The weirdest thing that ever happened to me occurred on the last night of a Caribbean cruise 30 years ago.
A slender Japanese woman sitting next to me at the farewell dinner must have been over 90 years old. She had parchment thin skin and delicate hands laced with blue veins. Traveling by herself, she hadn’t said a word the entire week She’d faded into the background, invisible as the floral pattern on the walls.
But, as I turned away from her to talk to another passenger, I felt the woman’s touch on my forehead. She ran her fingers lightly from my receding hairline to my eyebrows and back again
“Very large forehead,” she said in clear, barely accented English. “Must be very smart.”
For the first time in my life, I was speechless (I talk a lot).
Sensing my befuddlement, the woman smiled. “I was General Douglas Mac Arthur’s maid when he was governor of Japan,” she explained. “And your forehead reminds me of his.”
When I just blinked she continued, “ He was very smart”
Finally, I understood. Somehow, discredited notions about intelligencecorrelating with forehead size, dating from nineteenth century phrenology, had made their way to Japan The woman must have read about them, perhaps in a Sherlock Holmes story. (Sir Arthur Conan-Doyle, a physician, gave both Holmes and arch villain Moriarty high foreheads, in keeping with the faddish belief that high brows went with high intelligence).
I forgot about the encounter with Mac Arthur’s maid, until fifteen years later when I was reading the latest MRI studies on brain morphometry (measures of brain volume). I was surprised to learn that there was a correlation between frontal lobe size and IQ. Not exactly the same as forehead size (frontal lobes are behind the forehead) but sort of close.
Although forehead size by itself may not be as meaningful as some believe, it turns out that common wisdom has known things about the brain long before Neuroscience did. Here are a few examples.
Car rental companies would only rent to drivers over 25 decades before we knew that the brain—particularly the frontal lobes that govern judgment—don’t finish wiring up until the age of 25. Car insurance companies start lowering their rates after 25. Oh, and the framers of the constitution required candidates to be at least 25 before being eligible to run for Congress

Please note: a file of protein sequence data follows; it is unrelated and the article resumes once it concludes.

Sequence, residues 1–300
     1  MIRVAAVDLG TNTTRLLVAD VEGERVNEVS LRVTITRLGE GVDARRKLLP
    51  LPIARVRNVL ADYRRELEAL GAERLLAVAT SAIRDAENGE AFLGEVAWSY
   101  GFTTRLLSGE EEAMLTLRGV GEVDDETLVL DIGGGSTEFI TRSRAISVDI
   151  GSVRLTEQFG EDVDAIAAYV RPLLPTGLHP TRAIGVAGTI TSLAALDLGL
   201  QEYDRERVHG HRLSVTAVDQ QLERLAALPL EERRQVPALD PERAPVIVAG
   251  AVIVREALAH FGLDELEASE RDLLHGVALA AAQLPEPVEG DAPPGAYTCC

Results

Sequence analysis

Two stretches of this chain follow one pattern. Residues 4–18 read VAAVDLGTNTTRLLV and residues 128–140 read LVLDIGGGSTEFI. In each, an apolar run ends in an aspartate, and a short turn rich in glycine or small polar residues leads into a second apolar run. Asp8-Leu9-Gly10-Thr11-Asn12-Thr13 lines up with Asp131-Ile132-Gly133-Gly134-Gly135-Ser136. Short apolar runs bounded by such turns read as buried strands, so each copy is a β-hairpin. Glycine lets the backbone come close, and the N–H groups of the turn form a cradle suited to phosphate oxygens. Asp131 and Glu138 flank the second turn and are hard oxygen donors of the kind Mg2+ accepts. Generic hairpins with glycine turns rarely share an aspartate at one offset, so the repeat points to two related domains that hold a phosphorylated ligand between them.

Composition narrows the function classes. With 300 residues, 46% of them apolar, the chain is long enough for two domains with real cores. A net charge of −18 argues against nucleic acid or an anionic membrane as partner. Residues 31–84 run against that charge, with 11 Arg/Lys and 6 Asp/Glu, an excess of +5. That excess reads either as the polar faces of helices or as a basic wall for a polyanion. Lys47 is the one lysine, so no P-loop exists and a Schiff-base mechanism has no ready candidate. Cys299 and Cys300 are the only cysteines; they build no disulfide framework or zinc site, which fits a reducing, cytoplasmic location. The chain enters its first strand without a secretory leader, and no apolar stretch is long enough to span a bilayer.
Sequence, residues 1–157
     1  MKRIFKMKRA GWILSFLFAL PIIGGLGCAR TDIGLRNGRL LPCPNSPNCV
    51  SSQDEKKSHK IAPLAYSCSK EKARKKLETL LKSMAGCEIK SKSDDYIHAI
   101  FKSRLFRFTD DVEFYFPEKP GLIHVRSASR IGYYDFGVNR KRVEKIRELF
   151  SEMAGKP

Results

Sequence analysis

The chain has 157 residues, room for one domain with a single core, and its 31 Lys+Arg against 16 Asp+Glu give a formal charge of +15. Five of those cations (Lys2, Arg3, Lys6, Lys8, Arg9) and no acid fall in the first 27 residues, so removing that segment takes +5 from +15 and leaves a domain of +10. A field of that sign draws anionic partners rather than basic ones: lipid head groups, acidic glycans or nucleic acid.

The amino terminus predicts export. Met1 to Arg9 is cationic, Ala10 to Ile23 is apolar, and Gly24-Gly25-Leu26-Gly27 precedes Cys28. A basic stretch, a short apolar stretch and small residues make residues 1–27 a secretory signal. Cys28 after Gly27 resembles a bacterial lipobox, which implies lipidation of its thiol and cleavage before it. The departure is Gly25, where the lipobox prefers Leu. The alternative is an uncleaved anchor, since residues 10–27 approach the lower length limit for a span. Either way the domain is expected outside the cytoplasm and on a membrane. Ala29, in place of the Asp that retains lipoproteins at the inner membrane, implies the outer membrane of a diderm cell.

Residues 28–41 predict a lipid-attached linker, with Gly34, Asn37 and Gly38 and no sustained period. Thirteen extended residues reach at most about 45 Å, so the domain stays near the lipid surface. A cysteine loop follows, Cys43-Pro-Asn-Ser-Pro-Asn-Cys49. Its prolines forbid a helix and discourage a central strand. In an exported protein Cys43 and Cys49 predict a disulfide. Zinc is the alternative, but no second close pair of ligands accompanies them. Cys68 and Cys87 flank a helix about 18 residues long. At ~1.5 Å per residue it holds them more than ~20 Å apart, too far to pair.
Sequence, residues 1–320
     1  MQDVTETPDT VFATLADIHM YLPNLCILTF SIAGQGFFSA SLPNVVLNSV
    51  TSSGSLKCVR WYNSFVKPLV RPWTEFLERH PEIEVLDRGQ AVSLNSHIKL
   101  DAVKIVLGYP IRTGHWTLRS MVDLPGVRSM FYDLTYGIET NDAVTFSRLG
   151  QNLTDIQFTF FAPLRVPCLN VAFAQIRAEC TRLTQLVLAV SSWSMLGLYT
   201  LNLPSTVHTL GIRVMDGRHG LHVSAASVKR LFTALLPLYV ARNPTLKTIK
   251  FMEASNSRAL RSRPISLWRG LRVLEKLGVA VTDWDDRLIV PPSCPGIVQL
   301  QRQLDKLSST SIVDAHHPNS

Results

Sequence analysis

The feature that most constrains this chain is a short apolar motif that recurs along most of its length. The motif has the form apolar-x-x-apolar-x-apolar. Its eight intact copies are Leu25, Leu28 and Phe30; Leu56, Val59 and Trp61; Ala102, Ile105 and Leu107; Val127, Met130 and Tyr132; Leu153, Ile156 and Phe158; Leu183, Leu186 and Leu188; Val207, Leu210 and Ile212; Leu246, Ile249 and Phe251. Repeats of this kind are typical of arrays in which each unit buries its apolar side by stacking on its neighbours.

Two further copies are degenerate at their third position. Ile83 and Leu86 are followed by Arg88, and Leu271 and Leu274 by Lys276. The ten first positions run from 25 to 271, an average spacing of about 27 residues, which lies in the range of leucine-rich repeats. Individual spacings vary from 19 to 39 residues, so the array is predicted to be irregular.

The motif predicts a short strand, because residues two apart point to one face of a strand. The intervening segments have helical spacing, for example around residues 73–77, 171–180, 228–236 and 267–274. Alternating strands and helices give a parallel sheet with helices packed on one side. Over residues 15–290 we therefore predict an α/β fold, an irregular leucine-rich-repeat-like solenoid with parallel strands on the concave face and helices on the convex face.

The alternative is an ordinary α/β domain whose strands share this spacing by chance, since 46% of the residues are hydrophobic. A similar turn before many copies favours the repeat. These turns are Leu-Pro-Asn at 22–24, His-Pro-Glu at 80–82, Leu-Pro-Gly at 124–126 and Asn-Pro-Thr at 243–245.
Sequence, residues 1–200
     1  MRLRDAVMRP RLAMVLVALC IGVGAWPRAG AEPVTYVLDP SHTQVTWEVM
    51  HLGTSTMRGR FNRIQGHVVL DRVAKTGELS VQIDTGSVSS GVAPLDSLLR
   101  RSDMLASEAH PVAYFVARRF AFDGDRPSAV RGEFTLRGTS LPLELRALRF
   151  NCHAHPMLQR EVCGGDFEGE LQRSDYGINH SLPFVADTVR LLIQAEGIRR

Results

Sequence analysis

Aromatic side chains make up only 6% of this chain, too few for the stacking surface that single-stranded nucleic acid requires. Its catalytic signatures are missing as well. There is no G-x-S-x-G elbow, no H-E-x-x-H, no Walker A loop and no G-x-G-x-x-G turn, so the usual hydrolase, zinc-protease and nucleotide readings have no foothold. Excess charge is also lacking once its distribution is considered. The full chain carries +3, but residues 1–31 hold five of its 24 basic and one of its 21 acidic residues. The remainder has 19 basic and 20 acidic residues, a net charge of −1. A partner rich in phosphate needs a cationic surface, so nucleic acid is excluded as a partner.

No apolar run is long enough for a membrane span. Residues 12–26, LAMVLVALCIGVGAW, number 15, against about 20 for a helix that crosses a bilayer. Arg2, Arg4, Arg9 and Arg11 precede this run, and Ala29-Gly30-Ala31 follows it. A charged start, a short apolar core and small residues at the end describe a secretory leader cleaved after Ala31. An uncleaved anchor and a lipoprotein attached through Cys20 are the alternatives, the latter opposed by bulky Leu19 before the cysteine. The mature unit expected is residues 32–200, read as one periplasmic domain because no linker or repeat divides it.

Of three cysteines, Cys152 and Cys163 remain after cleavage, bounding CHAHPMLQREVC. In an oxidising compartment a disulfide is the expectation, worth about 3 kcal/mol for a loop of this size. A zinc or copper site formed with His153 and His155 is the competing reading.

Idioms dating back hundreds of year reflect the latest discoveries in Psychoneuroimmunology linking mental well being with physical well being.
You’re giving me a headache (stress can, trigger muscle tension vasospasms, and vasodilation that promote headache)
That makes me sick. (stress depresses immune function)
Oh my aching back (chronic over-secretion of adrenaline from stress can promote muscle spasms)
Other age-old idioms reveal common understandings that Neuroscience has validated
He’s really quick (fast reaction time correlates with general intelligence)
He’s really slow (ditto above)
I have a gut feeling (the enteric nervous system, with 500,000,000 neurons, innervating the gastrointestinal tract, does process complex information and is probably involved in memory formation and “intuition.”)
The intriguing thing to me is that figures of speech, idioms and common sense almost certainly contain wisdom about the brain that we haven’t yet discovered.
Could brainstorm, brain freeze, mind meld, cool head, hot head, nervous breakdown, or cold hearted, have undiscovered neurophysiological correlates?